SHORPY Historic Photo Archive & Fine-Art Prints
 
 
The Shorpy Archive
 
6000+ fine-art prints suitable for framing. Desk-size to sofa-size and larger, on archival paper or canvas.
 
Join and Share

 
Social Shorpy

  
Syndicate content
Syndicate content
Syndicate content

Join our mailing list (enter email):


 
 
 
 
Member Photos


Photos submitted by Shorpy members.

 
Colorized Photos


Colorized photos submitted by members.

 
About the Photos

Our holdings include hundreds of glass and film negatives/transparencies that we've scanned ourselves; in addition, many other photos on this site were extracted from reference images (high-resolution tiffs) in the Library of Congress research archive. (To query the database click here.) They are adjusted, restored and reworked by your webmaster in accordance with his aesthetic sensibilities before being downsized and turned into the jpegs you see here. All of these images (including "derivative works") are protected by copyright laws of the United States and other jurisdictions and may not be sold, reproduced or otherwise used for commercial purposes without permission.

WEB SITE & CONTENTS
© 2018 SHORPY INC.

[REV 25-NOV-2014]

 
 
JUMP TO PAGE   100  >  200  >  300  >  400  >  500  >  600
VINTAGRAPH • WPA • WWII • CLASSIC CHRISTMAS ART

Up Fifth: 1905

Up Fifth: 1905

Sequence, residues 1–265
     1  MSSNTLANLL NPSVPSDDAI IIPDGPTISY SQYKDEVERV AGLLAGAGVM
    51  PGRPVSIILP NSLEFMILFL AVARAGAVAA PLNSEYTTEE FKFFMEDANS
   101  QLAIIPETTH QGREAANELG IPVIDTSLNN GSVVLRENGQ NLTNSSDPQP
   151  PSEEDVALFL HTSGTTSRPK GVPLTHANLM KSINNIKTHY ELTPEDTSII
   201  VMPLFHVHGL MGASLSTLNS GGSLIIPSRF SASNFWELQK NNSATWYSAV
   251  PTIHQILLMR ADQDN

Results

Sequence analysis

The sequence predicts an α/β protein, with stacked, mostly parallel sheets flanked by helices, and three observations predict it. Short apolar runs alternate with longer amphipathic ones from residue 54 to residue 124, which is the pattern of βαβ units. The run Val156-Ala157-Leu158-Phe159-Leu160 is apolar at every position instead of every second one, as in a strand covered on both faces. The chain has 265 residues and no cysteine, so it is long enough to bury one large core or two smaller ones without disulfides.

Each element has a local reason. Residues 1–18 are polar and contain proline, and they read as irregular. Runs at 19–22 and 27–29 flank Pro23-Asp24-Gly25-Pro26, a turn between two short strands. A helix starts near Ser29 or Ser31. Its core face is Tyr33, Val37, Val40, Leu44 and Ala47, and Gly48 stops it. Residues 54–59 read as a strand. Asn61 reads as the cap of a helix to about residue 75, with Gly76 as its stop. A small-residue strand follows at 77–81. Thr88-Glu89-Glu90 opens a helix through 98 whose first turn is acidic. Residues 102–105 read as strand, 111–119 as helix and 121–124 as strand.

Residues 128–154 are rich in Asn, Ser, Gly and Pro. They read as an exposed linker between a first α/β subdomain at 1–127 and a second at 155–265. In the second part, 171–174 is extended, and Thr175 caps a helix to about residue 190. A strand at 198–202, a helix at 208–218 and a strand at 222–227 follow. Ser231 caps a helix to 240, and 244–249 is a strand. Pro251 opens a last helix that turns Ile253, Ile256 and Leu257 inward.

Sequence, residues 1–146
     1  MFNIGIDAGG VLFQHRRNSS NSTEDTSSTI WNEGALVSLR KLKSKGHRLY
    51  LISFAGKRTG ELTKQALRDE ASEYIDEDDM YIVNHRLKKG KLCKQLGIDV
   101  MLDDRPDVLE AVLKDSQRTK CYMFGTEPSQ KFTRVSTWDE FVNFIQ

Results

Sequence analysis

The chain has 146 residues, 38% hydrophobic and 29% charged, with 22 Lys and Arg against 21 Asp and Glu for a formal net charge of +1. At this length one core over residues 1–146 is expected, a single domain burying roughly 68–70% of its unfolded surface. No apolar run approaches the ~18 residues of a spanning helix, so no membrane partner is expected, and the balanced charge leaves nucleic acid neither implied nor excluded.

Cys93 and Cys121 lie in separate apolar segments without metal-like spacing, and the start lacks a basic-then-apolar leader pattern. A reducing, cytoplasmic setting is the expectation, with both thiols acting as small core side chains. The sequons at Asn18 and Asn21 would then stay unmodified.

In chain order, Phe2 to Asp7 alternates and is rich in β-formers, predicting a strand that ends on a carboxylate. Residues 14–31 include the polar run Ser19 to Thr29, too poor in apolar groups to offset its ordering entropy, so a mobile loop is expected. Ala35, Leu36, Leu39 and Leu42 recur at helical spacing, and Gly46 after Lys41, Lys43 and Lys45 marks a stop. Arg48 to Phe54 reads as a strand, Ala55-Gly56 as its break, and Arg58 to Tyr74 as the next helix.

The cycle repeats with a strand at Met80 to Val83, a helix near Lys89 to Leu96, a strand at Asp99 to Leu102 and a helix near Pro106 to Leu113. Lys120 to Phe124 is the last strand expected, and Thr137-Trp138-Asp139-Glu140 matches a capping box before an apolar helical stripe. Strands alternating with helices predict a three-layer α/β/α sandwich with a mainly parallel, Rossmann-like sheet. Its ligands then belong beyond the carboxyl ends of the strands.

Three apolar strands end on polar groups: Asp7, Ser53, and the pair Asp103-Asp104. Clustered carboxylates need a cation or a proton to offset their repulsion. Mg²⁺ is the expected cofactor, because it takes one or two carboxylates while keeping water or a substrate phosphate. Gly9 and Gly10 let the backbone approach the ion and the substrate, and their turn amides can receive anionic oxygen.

New York circa 1905. "Up Fifth Avenue from 28th Street." With a view of Marble Collegiate Church. 8x10 glass negative, Detroit Publishing Co. View full size.

 
On Shorpy:
Today's Top 5
..

More recent view

Yamanaka & Co.

Just to the left of the stagecoach can be glimpsed the storefront of Yamanaka & Company. Sadajiro Yamanaka was one of the earliest dealers of Japanese art and antiquities in U.S. The Japanese and Chinese art he collected and sold was vital in the genesis of the impressive Asian art collections of the Metropolitan Museum, as well as the basis of the collection of the Smithsonian's Freer Gallery in Washington.

Silent Film

I noticed the ad for Marceau Photography — it must have been difficult for people to sit for a picture when the photographer was miming everything. How did they know if he was actually doing anything?

Fifth Avenue stage

I found an account of riding it by Hamilton Fish Armstrong, First World War diplomat; and editor of Foreign Affairs magazine 1928-1972.

http://stuffnobodycaresabout.com/2012/10/31/riding-a-turn-of-the-century...

Born in 1893, so his related experience would have been about 1902. The fare was five cents.

Traveling light

As usual with these old city scenes, I'm impressed with how unencumbered people are. Most are not carrying anything and have their arms free, including the women. The two foreground women's cinched waists illustrate the misery of wearing a tight corset.

Removal Sale

D.B. Bedell & Co. must have moved to West 34th St. soon after this photo was taken. The ad below is from the New York Daily Tribune on May 28, 1905.

Horse-drawn bus

Was it cheaper to ride inside or on top? Maybe it depended on how much you annoyed the driver.

I see several women sitting on top. It must have been interesting watching them get up and down from that lofty perch.

[That's the Fifth Avenue Stage, also seen here. - Dave]

 
SHORPY HISTORICAL PHOTO ARCHIVE
Shorpy.com | History in HD is a vintage photo archive featuring thousands of high-definition images from the 1850s to 1960s. (Available as fine-art prints from the Shorpy Archive.) The site is named after Shorpy Higginbotham, a teenage coal miner who lived 100 years ago.

Syndicate content RSS | Contact Us | Privacy Policy | Photo Use | © 2018 Shorpy Inc.
sphere